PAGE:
Description: By the award-winning author of East of the Sun, an epic love story moving from England to India, about the forbidden love between a young Indian doctor and an English midwife.
Oxfordshire, 1947. Kit Smallwood, hiding a painful secret and exhausted from nursing soldiers during the Second World War, escapes to Wickam Farm where her friend is setting up a charity sending midwives to the Moonstone Home in South India. Then Kit meets Anto, an Indian doctor finishing his medical training at Oxford. But Kit’s light skinned mother is in fact Anglo-Indian with secrets of her own, and Anto is everything she does not want for her daughter.
Despite the threat of estrangement, Kit is excited for the future, hungry for adventure, and deeply in love. She and Anto secretly marry and set off for South India—where Kit plans to run the maternity hospital she’s helped from afar. But Kit’s life in India does not turn out as she imagined. Anto’s large, traditional family wanted him to marry an Indian bride and find it hard to accept Kit. Their relationship under immense strain, Kit’s job is also fraught with tension as they both face a newly independent India, where riots have left millions dead and there is deep-rooted suspicion of the English. In a rapidly changing world, Kit’s naiveté is to land her in a frightening and dangerous situation…
Based on true accounts of European midwives in India, Monsoon Summer is a powerful story of secrets, the nature of home, the comforts and frustrations of family, and how far we’ll go to be with those we love.
The recently released novel “Monsoon Summer” by Julia Gregson took me on a bit of an emotional rollercoaster as the main characters Kit and Anto met and fell in love. Their newfound love was exciting as they stole moments in secret for the first few moments. However, just as secrets always come out, this novel portrays how Kit and Anto’s relationship evolved once they were forced to deal with the realities of their situation. At a tumultuous time for the British interacting with Indians, British nurse Kit and Indian doctor Anto turned their lives and their families upside down when they married after a few short months together. At the height of their independence from England, the couple moved to India.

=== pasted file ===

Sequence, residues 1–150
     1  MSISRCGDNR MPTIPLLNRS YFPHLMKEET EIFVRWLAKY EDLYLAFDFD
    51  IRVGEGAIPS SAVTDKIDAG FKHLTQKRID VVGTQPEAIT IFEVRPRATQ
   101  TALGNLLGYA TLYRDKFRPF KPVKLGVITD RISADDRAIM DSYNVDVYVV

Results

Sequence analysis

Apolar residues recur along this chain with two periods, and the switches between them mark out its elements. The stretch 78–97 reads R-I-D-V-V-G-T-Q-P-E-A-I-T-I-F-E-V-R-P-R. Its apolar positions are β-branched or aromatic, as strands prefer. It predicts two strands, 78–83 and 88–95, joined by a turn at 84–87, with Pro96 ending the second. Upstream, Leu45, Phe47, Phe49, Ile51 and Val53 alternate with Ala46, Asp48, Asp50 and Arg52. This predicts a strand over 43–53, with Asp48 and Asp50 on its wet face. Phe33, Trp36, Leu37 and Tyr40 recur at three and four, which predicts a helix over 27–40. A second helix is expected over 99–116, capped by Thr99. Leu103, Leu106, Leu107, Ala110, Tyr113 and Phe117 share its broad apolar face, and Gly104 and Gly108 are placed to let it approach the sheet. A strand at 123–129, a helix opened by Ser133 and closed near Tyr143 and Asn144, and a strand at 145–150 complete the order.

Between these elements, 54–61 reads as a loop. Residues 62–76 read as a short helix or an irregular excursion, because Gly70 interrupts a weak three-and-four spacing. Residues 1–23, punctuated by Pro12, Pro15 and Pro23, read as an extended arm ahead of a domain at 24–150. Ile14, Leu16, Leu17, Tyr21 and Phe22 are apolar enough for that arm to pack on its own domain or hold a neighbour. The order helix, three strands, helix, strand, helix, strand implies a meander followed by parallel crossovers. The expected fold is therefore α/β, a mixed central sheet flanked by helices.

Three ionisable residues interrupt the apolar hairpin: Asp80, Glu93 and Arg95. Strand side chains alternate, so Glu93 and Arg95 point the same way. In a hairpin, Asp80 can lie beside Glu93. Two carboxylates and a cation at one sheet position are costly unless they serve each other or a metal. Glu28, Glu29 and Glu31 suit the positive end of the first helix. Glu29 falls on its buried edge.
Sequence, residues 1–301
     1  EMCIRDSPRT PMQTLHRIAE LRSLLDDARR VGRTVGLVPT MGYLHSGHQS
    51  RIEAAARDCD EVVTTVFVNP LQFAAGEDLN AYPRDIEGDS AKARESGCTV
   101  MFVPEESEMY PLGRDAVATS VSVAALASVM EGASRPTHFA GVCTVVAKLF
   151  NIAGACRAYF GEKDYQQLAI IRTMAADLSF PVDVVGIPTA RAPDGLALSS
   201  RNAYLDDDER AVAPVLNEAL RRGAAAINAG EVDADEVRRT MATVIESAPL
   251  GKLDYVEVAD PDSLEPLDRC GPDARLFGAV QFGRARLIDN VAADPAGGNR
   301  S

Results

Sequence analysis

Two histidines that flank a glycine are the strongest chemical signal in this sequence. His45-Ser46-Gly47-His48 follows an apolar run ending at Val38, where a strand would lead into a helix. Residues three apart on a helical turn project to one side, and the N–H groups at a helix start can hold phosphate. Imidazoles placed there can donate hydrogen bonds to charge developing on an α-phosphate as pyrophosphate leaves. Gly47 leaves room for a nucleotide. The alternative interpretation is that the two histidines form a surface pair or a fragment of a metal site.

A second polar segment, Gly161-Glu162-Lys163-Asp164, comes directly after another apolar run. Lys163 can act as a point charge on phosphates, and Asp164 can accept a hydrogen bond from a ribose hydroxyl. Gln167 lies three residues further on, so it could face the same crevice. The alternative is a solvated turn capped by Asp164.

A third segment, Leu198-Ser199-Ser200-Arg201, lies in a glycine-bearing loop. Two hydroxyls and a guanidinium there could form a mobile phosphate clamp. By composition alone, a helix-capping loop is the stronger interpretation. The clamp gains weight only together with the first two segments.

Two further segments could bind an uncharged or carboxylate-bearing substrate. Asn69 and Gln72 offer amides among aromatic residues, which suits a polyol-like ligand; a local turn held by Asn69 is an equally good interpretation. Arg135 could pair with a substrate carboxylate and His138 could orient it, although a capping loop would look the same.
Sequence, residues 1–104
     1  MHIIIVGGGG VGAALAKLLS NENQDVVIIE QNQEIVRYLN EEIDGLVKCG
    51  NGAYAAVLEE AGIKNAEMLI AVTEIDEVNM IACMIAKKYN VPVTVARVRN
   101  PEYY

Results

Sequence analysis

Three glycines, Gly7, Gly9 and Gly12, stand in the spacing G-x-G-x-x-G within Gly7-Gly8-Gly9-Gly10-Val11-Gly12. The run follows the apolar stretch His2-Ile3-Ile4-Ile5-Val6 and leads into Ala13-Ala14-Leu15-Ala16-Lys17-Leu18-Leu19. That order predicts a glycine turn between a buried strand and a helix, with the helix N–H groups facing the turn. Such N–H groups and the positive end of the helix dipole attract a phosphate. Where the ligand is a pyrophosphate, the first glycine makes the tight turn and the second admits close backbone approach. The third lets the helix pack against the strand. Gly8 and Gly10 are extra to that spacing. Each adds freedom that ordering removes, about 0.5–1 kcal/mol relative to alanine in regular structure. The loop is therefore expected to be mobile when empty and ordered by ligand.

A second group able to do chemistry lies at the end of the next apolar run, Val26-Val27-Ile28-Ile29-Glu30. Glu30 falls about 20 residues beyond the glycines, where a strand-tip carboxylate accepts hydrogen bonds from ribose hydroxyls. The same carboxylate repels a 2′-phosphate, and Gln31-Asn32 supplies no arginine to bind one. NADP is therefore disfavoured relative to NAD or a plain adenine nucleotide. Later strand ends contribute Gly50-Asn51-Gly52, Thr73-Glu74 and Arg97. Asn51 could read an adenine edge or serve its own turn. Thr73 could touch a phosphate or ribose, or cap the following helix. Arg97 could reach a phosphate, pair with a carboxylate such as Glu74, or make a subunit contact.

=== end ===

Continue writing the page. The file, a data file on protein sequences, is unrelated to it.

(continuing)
Gregson did a remarkable job of portraying the time from how Kit and Anto interacted when they first met to beginning their lives as an unwelcome interracial couple. All of the details from the various ways people dressed to the poverty depicted to the attitudes of the Indians toward the British, I felt transported to this time and place in ways that had previously been completely unknown.
I haven’t read many books about British-Indian relations or Indian culture. While the patriarchal structure wasn’t surprising, it was astonishing to read about the perception of midwives in India and their caste system. Particularly in a place where there were so many midwives and it was difficult to give birth at a hospital, I expected midwives to be much more common and respected than the world that Gregson showed.
The novel was a bit slow at times. I actually expected a lot more tension between the families toward the couple. Anto’s mother blamed a lot of what went wrong on Kit when sending her son away at such a young age for so long was bound to distance him from the family, but Amma was also one of the strongest most stabilizing characters in the book.
“Monsoon Summer” was overall a terrific portrayal of life and love, particularly as it changes over the course of a relationship and throughout the years. Some people fall apart and others fight to stay together. In this case, despite the white lies and struggles, Kit and Anto’s love was inspiring in the way they chose to support and accept each other.
ABOUT THE AUTHOR: JULIA GREGSON